Wednesday, March 31, 2010

Remembering Mom (July 2, 1915 to March 31, 2003)

If you could see me now, mom! In the village of Starobilsk, in eastern Ukraine, a Peace Corps Volunteer. Getting to know the people, the place, the customs and traditions. You used to call me your "Peregrine," that mythical bird who wanders the world. I guess I am a wanderer. I know it's how you thought of me when I was in graduate school in Madison.

It was a tough time for you. Dad was sick, you were alone. Andy and I were away in college, then in new marriages, starting families. Loren was home, and that was good, because you comforted each other. Still, it was maybe the worst of times, the times you wrote about secretly in your "Pensees," which we discovered among your momentoes only after you died.

But I know that is not what you want us to remember, the tough times, the sad times. You want us to remember the best of times. The times we shared as a family, 301 Landing Road South, Allencreek school, Harley. How you loved meeting our friends and having us bring them home, and how much they loved you and dad. Bob Gray, 50 years after graduating from Harley, remembers you as "elegant." His memory made me happy.

You want us to remember the music. Your singing. Practicing your arias. "My Madama Butterfly." You want us to remember our piano lessons. The choirs. The Eastman. The reception in our home for Leontyne Price, the great opera diva. The concerts and plays and ballets. Dad's Christmas music.

You want us to remember the family dinners and holidays. Your dad, our grandparents. Extended family gatherings, the fun ones, the fun times with cousins. The cookies you baked, the fruit cakes, the way you decorated our home, with such beauty and love. The trips we took, the times we shared, the dreams we had.
You want us to remember how you spent good times with your cousins when you were growing up in Rochester. How you excelled in languages in high school, went on to Geneseo college to study psychology and education, taught for a while. You want us to remember that you were an innovative teacher, teaching languages to young children, "the younger, the better," you said. You spoke several languages yourself. I wish I had inherited that language gene from you!

I remember your love of books and ideas, the great classics that you devoured and that we discussed at dinner. What discussions! One time, I was in high school and I think you were reading Sartre, you said something like "I don't believe there is a God," which set off quite an argument with dad. We three kids tried to get in our two-cents as best we could. I don't recall how it ended, or even getting up from the table. But oh what a memory! I am still at that table, mom. Still listening, still hearing you.

You want us to remember you with our children. The #1 grandmother in the world. The best Nana to every one of them, all four girls, Elissa and Michelle, Kaaren and Allyson. The games you played; the costumes and clothes you made, so many lovely clothes; the arts and crafts you did together; the trips to the art museum, to Nantucket, to Florida; the beautiful doll houses you created for each of them, family treasures. You are in their hearts, forever. They won't forget. "Nana banana," as Ali still calls you fondly. "Nana's candy dish, her piano, the Curio cabinet, I'm so glad I have them" Michelle says. "That chandalier and bedroom set," Kaaren laughs. "My beloved artist nana," Elissa says, as she gathers everything you left behind, even your shells from Nantucket. They love you still, and miss you. "I wish Nana were here."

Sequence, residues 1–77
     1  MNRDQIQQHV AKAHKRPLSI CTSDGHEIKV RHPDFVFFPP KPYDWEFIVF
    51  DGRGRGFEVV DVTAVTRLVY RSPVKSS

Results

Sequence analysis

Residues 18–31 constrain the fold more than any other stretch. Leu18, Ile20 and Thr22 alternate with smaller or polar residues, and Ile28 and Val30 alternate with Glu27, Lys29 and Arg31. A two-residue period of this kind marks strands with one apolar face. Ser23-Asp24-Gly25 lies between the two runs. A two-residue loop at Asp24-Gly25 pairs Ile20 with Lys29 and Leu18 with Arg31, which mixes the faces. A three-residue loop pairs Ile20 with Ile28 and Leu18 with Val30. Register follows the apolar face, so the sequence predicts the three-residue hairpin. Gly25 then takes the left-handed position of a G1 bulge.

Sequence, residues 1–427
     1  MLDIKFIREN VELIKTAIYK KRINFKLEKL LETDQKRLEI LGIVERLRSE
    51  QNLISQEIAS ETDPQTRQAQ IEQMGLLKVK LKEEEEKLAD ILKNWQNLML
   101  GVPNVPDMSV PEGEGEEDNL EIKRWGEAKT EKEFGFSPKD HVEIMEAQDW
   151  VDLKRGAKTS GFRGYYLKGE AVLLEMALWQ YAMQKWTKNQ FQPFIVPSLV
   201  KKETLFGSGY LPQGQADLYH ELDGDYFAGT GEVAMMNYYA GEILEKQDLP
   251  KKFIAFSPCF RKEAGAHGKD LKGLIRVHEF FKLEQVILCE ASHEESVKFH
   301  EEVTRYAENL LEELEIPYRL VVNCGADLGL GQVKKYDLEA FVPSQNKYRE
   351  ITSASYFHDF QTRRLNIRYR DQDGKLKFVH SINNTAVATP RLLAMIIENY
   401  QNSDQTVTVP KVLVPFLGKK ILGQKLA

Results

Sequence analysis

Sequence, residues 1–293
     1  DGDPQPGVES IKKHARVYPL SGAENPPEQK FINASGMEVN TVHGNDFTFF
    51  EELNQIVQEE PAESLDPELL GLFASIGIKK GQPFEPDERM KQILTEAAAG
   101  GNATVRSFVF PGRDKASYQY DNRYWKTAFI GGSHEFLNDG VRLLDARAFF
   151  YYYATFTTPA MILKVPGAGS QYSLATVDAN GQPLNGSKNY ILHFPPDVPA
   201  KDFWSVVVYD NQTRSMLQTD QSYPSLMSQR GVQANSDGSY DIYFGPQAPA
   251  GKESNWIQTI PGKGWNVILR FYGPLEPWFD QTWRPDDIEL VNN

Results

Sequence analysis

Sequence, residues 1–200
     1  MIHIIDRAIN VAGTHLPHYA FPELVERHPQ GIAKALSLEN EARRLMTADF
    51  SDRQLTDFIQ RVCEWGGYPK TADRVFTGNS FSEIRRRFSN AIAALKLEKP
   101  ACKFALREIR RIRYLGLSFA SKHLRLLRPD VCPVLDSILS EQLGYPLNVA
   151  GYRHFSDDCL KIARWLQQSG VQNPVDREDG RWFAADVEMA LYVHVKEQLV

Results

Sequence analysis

I don't know why I sometimes wander back to sad times, when I was at low points, when I was ungrateful, insensitive, those times you needed me to be there, and I was somewhere else. I know you want me to go beyond that. You told me so yourself before you died. I mostly have, and it's better when I do, because then I am focusing on you.
I am appreciating your strength, grace, and dignity. I am appreciating your beauty and talent and all of your gifts that you bestowed on your three children so generously, with unconditional love.

I'm with you now mom. And I know you are with the angels. I know you are at peace, green eyes sparkling, a beautific smile. I like to think that you are filled with the love of all the people whose lives you touched: dad, your kids, your grandkids most of all. I like to think that this love is so powerful it is filling you with joy and light.

You are our light mom. Andy's, Loren's, and mine. Elissa's and Michelle's, and their children, Julia and Tony, Alli, Josh and Kyle. Elissa is now grandmother to Julia's son Philip, my great grandson, your great-great-grandson. Ali and Jay are parents to Ava Rose and Leo. All beautiful. All your legacy.

You are our role model for passing on love and wisdom, for cherishing a strong sense of family and family traditions, for valuing critical thinking and love of learning, for knowing the meaning of compassion and caring for others. We love you.

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